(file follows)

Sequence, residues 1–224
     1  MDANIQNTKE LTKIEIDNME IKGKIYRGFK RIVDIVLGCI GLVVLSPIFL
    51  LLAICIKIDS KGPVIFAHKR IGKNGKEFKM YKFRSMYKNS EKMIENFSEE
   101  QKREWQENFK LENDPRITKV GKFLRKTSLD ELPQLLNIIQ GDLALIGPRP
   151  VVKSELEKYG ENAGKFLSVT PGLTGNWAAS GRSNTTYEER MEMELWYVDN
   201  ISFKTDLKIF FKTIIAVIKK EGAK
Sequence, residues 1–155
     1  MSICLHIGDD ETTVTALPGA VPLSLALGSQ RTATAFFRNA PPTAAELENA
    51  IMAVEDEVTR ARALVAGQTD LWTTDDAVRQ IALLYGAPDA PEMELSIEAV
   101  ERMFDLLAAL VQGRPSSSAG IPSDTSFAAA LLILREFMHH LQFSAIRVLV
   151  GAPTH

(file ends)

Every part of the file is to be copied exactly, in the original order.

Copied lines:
Sequence, residues 1–224
     1  MDANIQNTKE LTKIEIDNME IKGKIYRGFK RIVDIVLGCI GLVVLSPIFL
    51  LLAICIKIDS KGPVIFAHKR IGKNGKEFKM YKFRSMYKNS EKMIENFSEE
   101  QKREWQENFK LENDPRITKV GKFLRKTSLD ELPQLLNIIQ GDLALIGPRP
   151  VVKSELEKYG ENAGKFLSVT PGLTGNWAAS GRSNTTYEER MEMELWYVDN
   201  ISFKTDLKIF FKTIIAVIKK EGAK
Sequence, residues 1–155
     1  MSICLHIGDD ETTVTALPGA VPLSLALGSQ RTATAFFRNA PPTAAELENA
    51  IMAVEDEVTR ARALVAGQTD LWTTDDAVRQ IALLYGAPDA PEMELSIEAV
   101  ERMFDLLAAL VQGRPSSSAG IPSDTSFAAA LLILREFMHH LQFSAIRVLV
   151  GAPTH